Visualizing the patient’s spine above the diaphragm implies that there is free fluid (e.g. blood) in the thorax since ultrasound waves can easily pass through the free fluid in the chest cavity, allowing you to see the spine. This is referred to as a Positive Spine Sign (click here for a more in-depth explanation on the spine sign).
Pericardial Effusion and Tamponade – eFAST
- Anechoic free fluid can accumulate in the pericardial sac causing a pericardial effusion.
- Simply seeing a pericardial effusion not mean the patient has cardiac tamponade. Rather, the fluid must be impairing cardiac filling for it to be considered tamponade.
- Consider tamponade when the following is observed:
- Right Atrial Systolic Collapse – the most sensitive (and earliest) echocardiographic finding of tamponade (Perez-Casares, A., et al). Also referred to as the Trampoline Sign.
- Right Ventricle Diastolic Collapse – the most specific echocardiographic finding for tamponade (75-90%) (Armstrong, et al)
Pneumothorax – eFAST
Here are three important steps to evaluating for pneumothorax when performing the eFAST scan:
First, if lung sliding is present, you can rule out pneumothorax with 100% accuracy at that ultrasound point (Husain LF).
You can look for lung sliding with B-mode or M-mode:
Second, if lung sliding is ABSENT, you should not automatically assume pneumothorax.
Recall other causes of reduced/absent lung sliding: severe consolidation, chemical pleurodesis, acute infectious or inflammatory states, fibrotic lung diseases, acute respiratory distress syndrome, or mainstem intubation.
For the purposes of the eFAST scan, it is highly likely that your patient has a pneumothorax if you do not see lung sliding on B-mode or M-mode. If you want to confirm you can proceed to look for the “Lung Point Sign” below.
Third, if a lung point is present, you can rule in pneumothorax with 100% accuracy (Chan S).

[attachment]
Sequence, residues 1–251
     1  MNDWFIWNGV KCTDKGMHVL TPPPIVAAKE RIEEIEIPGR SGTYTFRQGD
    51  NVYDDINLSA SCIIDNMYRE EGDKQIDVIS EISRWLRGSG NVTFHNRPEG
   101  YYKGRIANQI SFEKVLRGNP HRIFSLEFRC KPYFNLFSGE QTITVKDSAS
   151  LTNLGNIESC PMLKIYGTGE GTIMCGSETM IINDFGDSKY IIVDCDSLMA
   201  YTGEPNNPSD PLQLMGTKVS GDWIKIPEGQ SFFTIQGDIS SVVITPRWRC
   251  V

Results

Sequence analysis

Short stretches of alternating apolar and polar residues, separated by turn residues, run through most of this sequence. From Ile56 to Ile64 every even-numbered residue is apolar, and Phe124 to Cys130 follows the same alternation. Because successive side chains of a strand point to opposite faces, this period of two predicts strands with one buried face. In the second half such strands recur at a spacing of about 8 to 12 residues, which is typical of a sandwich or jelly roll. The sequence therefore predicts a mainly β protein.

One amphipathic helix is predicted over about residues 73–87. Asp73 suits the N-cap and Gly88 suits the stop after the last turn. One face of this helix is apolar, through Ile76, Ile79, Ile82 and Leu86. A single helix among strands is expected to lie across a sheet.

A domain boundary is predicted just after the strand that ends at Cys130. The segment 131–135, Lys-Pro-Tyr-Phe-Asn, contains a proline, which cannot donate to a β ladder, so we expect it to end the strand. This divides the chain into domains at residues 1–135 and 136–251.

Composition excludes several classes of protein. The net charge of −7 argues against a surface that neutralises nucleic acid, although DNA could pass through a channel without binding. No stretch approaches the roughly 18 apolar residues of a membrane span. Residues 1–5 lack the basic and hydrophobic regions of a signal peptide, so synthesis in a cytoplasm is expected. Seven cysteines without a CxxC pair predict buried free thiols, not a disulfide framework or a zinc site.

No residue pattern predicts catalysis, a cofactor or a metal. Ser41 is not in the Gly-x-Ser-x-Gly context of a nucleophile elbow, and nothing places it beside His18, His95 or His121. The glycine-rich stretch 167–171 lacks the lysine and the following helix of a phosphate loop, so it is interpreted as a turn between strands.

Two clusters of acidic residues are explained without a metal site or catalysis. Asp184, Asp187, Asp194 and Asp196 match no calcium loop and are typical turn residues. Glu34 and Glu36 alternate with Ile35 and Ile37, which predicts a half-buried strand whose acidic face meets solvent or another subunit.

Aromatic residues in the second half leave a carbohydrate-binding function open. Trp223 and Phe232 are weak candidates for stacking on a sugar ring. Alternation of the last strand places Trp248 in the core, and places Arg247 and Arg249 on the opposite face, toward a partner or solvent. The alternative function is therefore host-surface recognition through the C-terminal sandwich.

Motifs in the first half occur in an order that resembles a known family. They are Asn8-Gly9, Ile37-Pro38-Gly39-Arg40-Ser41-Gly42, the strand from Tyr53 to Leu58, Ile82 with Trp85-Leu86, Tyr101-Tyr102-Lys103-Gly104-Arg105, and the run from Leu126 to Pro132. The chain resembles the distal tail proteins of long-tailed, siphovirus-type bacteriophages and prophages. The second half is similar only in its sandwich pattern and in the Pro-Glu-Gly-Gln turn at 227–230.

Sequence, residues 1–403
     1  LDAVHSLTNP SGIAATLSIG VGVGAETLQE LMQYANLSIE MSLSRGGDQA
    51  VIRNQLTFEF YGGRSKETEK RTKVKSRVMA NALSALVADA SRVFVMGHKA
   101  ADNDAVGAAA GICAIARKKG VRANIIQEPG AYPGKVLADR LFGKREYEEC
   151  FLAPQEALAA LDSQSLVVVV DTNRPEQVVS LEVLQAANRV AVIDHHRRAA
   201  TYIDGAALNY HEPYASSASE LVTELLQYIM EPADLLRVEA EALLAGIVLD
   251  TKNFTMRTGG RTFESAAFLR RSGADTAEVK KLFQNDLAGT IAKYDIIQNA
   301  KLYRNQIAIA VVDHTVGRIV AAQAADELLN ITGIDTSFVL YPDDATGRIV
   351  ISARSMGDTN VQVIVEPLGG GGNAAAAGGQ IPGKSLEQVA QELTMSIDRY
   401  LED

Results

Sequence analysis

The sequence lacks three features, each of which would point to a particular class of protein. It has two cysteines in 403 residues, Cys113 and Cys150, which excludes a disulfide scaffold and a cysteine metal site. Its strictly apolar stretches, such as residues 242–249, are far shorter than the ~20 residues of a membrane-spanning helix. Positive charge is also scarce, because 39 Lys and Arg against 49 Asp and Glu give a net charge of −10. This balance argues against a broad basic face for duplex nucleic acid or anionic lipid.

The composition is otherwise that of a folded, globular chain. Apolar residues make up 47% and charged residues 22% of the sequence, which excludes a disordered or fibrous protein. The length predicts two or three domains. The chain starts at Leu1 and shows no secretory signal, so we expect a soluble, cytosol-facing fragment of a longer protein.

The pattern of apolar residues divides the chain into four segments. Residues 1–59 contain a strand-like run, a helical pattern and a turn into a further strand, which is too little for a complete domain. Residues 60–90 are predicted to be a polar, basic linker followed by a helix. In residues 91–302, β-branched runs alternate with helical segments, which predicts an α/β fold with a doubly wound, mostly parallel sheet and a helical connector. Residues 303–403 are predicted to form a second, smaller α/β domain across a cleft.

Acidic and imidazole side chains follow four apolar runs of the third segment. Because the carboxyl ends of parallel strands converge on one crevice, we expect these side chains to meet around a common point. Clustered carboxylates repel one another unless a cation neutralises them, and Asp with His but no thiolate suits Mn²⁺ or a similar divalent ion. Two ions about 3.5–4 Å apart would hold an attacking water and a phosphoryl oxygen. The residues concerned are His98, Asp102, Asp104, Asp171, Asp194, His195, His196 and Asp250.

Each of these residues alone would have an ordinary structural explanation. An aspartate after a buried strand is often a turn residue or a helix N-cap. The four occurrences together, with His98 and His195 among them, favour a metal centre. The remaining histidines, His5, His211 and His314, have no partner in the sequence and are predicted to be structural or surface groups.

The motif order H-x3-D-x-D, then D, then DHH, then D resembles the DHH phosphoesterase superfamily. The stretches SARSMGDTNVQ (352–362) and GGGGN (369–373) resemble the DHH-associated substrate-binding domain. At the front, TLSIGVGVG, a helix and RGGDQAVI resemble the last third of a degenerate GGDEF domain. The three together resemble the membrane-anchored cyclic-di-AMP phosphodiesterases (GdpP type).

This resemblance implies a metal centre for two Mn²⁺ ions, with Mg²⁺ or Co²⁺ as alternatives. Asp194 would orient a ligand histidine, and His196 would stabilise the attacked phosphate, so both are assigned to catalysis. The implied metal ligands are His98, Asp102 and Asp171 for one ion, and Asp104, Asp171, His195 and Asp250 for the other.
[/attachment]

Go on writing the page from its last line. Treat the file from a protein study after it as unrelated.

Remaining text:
To confirm the presence of a pneumothorax, you should look for the “Lung Point Sign.“
The lung point is when you can see the transition between normal lung sliding and the absence of lung sliding. This is the transition point between the collapsed lung and normal lung. If you see this you can definitively rule in a pneumothorax. The Lung point sign also helps you quantify how large a pneumothorax is.
If you think you may have found a lung point but are not sure, use M-Mode and place your cursor at the intersection where you think lung sliding starts and stops. If you see a normal seashore sign that turns into an abnormal barcode sign, then you have located the lung point with M-Mode.
Pneumoperitoneum – eFAST
In the setting of trauma (especially penetrating trauma) you may encounter pneumoperitoneum, or free air within the peritoneal cavity.
On abdominal ultrasound, the most common finding for pneumoperitoneum is the Enhanced Peritoneal Stripe Sign (EPSS). This is when air within the peritoneal space rises and causes an “echoing” of the usually single, hyperechoic peritoneal stripe that separates the abdominal wall from underlying peritoneal fluid and fluid-filled organs (Indiran).
If there is a large amount of pneumoperitoneum, your image of abdominal organs will be obscured by air wherever you place your probe.
POCUS 101 tip: if you can’t get any good abdominal views despite having your probe in the correct position, have a high suspicion for pneumoperitoneum.
eFAST Algorithm and Summary
- Remember that the POCUS eFAST ultrasound exam is most beneficial in hemodynamically unstable patients who are unable to go to the CT scanner. A positive eFAST scan can help the surgeon identify the general region of bleeding (i.e. abdomen vs heart vs lungs) to plan their surgical approach.
- A negative initial eFAST exam in patients with a highly-suspicious mechanism of injury may benefit from a CT scan or serial eFAST exams, especially in the context of a worsening clinical status (e.g. worsening vitals, hemodynamic instability, worsening pain, or worsening abdominal exam) as patients can also have a delayed presentation.
eFAST Exam Algorithm
Here is an algorithm for how to use the eFAST exam in the clinical setting:
Summary Video of eFAST Ultrasound Exam
We made this video to completely summarize how to perform and interpret the eFAST Ultrasound Scan:
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Fantastic post! Using this to prepare for my Surgery US training sesh. Thanks all!
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Amazing post! The video is so clear and honestly the best explanation I have come across. Thank you so much!
Thanks Nadiah!! Appreciate the kind words.
[…] these techniques, you’ll be able to diagnose ascites and hemoperitoneum in trauma patients. Keep in mind that blood will look more echogenic as hemoperitoneum progresses and begins to […]
Very informative and up to date information.
I just need to clarify one thing in the pelvic efast. In the text its mentioned RECTO-vesicular pouch but the image is labelled as RETRO-vesicular pouch.
Do they mean the same?
Hi Israr. Nice catch! Yes, it should be labeled Rectovesicular Pouch! Yes, but they are referring to the same area.